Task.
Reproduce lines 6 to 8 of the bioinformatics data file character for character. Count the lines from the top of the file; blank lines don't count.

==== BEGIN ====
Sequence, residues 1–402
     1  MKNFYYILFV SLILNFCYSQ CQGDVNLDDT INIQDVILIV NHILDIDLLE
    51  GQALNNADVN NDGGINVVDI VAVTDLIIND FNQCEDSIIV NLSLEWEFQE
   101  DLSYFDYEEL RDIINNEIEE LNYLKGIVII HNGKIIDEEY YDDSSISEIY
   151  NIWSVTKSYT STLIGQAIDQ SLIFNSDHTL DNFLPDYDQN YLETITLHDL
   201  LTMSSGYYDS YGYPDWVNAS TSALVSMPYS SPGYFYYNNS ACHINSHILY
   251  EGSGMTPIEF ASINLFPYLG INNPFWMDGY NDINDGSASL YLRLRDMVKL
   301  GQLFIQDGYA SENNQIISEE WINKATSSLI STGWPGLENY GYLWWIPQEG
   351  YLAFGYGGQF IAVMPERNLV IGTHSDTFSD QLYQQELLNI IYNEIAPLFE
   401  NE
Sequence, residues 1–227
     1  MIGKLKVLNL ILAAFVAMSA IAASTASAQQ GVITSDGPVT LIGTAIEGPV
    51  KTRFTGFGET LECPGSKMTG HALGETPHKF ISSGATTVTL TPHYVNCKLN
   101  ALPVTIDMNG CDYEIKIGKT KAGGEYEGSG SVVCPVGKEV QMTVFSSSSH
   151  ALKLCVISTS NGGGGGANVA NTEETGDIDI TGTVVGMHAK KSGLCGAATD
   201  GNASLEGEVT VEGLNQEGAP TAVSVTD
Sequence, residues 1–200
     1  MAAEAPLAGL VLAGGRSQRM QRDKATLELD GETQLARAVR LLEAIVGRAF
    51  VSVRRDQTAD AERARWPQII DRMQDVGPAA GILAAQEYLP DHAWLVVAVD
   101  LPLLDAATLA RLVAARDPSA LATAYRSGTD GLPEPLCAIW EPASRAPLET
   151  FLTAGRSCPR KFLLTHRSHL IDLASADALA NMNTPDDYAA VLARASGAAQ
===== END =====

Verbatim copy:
   201  LTMSSGYYDS YGYPDWVNAS TSALVSMPYS SPGYFYYNNS ACHINSHILY
   251  EGSGMTPIEF ASINLFPYLG INNPFWMDGY NDINDGSASL YLRLRDMVKL
   301  GQLFIQDGYA SENNQIISEE WINKATSSLI STGWPGLENY GYLWWIPQEG